Neiberg de Alcantara LimaI; Gisele Schinaider CunhaIII; Natalia Soares de MenezesII; Evilásio Leobino da SilvaII; Carol Cavalcante de Vasconcelos LimaIV; Stela Maria Vitorino SampaioII
ABSTRACTIntroduction: Indications for cardiac devices have been increasing as well as the need for lead extractions as a result of infections, failed leads and device recalls. Powered laser sheaths, with a global trend towards the in-creasingly technological tools, meant to improve the procedure’s outcome but have economic implications.
CIED = Cardiac implantable electronic devices
CRT = Cardiac resynchronization therapy
ICD = Implantable cardioverter defibrillators
LEXICON = Lead Extraction in the Contemporary Setting study
PM = Pacemaker
The indications for cardiac implantable electronic devices (CIED), pacemakers (PM) and implantable cardioverter-defibrillators (ICD) have been increasing due to the aging of the general population and the results of large clinical trials showing benefit for primary prevention of sudden cardiac death[1,2].
In addition, the rising number of comorbidities per patient as well as the use of cardiac resynchronization therapy (CRT) devices, which require more leads to be implanted, contribute to the increasing need for lead extractions as a result of infections, failed leads and device recalls.
Even though up to 30,000 lead extraction procedures are performed annually worldwide, no standard approach has been established[2,4,5].
Transvenous lead extraction is the preferred method of treatment of CIED-related complications, as it has improved over time, becoming safer and more effective. It uses methods that vary from simple local traction to the use of powered laser sheaths, with a global trend towards the increasingly technological tools, meant to improve the procedure’s outcomes.
The choice to perform an extraction should be weighed carefully, following internationally accepted recommendations and an individualized approach, since these procedures carry the risk of acute morbidity and mortality and may have poor long-term outcomes.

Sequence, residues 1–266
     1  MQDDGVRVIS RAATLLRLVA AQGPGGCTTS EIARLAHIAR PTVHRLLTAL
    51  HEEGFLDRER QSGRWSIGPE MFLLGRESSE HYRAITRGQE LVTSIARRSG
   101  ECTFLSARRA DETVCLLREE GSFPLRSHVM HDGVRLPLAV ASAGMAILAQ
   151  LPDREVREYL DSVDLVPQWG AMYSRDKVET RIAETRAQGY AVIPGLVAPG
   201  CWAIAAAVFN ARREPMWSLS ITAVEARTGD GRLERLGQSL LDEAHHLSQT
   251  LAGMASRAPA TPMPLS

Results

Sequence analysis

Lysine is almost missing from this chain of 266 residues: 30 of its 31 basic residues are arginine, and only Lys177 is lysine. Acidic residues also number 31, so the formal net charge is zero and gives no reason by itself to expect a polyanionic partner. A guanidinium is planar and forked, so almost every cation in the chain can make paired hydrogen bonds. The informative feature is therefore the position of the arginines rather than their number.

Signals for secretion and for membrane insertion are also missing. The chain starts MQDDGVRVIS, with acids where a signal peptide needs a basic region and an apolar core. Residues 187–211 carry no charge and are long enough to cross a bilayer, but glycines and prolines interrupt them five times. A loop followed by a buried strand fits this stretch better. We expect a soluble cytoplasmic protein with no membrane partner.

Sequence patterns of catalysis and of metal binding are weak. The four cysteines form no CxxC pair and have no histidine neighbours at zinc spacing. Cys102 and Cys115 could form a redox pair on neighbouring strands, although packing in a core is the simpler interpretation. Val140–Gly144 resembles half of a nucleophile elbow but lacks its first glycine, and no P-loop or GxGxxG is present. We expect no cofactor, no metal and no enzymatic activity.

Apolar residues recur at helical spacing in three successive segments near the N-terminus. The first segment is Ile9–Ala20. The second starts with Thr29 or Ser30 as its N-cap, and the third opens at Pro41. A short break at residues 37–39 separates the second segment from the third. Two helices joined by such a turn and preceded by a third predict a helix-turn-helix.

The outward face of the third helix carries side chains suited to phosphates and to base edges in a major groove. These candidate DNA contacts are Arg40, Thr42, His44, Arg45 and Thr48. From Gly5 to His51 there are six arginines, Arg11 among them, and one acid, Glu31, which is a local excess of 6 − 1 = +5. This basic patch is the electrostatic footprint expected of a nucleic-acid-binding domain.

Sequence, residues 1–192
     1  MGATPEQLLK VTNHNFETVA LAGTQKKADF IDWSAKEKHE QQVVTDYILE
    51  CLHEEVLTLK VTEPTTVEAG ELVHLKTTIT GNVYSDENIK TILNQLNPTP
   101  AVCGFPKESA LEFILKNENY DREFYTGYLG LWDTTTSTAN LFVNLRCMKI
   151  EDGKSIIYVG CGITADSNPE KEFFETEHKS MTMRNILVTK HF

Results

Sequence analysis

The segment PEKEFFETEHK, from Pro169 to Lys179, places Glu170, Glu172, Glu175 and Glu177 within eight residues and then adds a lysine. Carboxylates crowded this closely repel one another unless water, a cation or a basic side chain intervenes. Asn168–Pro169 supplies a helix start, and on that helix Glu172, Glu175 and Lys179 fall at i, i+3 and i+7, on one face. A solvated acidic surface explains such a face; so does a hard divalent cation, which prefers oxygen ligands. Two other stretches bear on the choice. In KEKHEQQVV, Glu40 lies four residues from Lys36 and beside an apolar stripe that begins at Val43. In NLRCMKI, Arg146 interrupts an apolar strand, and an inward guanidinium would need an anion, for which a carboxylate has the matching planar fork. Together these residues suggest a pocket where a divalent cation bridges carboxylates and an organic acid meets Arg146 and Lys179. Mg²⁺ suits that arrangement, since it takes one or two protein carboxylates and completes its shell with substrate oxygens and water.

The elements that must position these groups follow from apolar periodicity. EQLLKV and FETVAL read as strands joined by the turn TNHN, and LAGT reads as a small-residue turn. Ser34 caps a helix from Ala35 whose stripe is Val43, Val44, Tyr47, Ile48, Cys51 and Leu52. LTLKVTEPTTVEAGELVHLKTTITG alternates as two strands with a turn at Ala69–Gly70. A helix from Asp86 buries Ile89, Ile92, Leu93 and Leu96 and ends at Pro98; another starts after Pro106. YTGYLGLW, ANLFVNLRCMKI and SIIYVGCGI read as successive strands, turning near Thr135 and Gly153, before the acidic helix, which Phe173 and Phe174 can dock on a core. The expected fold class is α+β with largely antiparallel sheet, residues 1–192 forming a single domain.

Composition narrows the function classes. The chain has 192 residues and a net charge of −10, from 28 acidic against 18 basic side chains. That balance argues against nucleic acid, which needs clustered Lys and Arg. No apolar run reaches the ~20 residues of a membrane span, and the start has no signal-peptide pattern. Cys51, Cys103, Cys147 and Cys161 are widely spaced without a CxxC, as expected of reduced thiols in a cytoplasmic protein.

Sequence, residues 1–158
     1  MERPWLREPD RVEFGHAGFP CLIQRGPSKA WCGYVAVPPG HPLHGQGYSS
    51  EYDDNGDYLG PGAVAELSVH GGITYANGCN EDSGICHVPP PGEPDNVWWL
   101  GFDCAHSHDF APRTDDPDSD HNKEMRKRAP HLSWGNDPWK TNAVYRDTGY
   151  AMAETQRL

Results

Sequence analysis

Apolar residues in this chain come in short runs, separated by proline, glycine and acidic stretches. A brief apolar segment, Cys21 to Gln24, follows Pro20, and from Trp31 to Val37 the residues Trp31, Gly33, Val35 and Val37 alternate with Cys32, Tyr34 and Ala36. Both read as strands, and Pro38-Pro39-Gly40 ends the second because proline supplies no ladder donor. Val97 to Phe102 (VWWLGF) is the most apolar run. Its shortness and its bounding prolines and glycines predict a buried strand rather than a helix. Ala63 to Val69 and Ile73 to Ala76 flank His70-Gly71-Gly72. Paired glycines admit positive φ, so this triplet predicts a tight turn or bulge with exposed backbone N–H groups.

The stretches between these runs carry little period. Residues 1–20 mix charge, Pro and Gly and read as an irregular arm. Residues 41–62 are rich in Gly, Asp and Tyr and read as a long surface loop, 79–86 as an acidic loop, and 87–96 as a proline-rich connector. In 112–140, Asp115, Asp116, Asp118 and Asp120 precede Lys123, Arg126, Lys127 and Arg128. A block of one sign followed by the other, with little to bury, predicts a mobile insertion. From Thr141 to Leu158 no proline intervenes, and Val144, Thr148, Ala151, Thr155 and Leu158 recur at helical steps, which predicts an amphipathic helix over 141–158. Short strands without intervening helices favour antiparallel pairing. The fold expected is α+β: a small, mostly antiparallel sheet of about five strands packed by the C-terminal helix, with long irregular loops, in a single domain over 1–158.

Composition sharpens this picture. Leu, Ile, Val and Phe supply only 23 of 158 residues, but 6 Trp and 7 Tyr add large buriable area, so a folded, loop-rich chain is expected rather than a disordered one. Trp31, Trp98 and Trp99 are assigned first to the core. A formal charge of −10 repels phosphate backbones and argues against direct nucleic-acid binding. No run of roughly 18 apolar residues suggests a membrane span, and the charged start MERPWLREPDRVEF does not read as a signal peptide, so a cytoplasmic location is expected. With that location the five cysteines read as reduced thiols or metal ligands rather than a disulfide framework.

Simple manual lead traction was once widely used, but due to the avulsion, laceration or perforation related cases, it became obsolete in many developed countries. In our hospital, a public cardiology center in the Northeast of Brazil, the availability of lead extraction tools is low, then manual lead traction remains an accepted procedure.
The aim of this study is to demonstrate the experience of a Brazilian Center that uses simple manual traction in most of the lead removals performed annually, questioning the real need for expensive and technically challenging new devices.
This retrospective observational study included 35 consecutive patients who had a transvenous lead extraction in the period of a year between January 1998 and October 2014 at Hospital de Messejana Dr. Carlos Alberto Studart Gomes, Fortaleza, CE, Brazil. Data were collected through a records review.
All the procedures were done by the same expert surgeon in an operative room using a mobile C-Arm image intensifier. Simple manual traction and extraction with Cook extractor were done under local anesthesia plus IV sedation. Open heart surgeries were done under general anesthesia.
Immediately after surgery and 24 hours later, patients had complete blood count, chest radiograph and electrocardiogram done to look for possible complications. Clinical and surgical complications were observed throughout hospitalization and additional exams were requested if needed by the primary cardiology team. Patients had outpatient visits within one week and then after one month. After the initial visits, they were seen every six months in the pacemaker outpatient service. It was defined as a complication related to the procedure: death, infection, hemopericardium, hemothorax, pneumothorax, bleeding requiring blood transfusion and other pulmonary complications.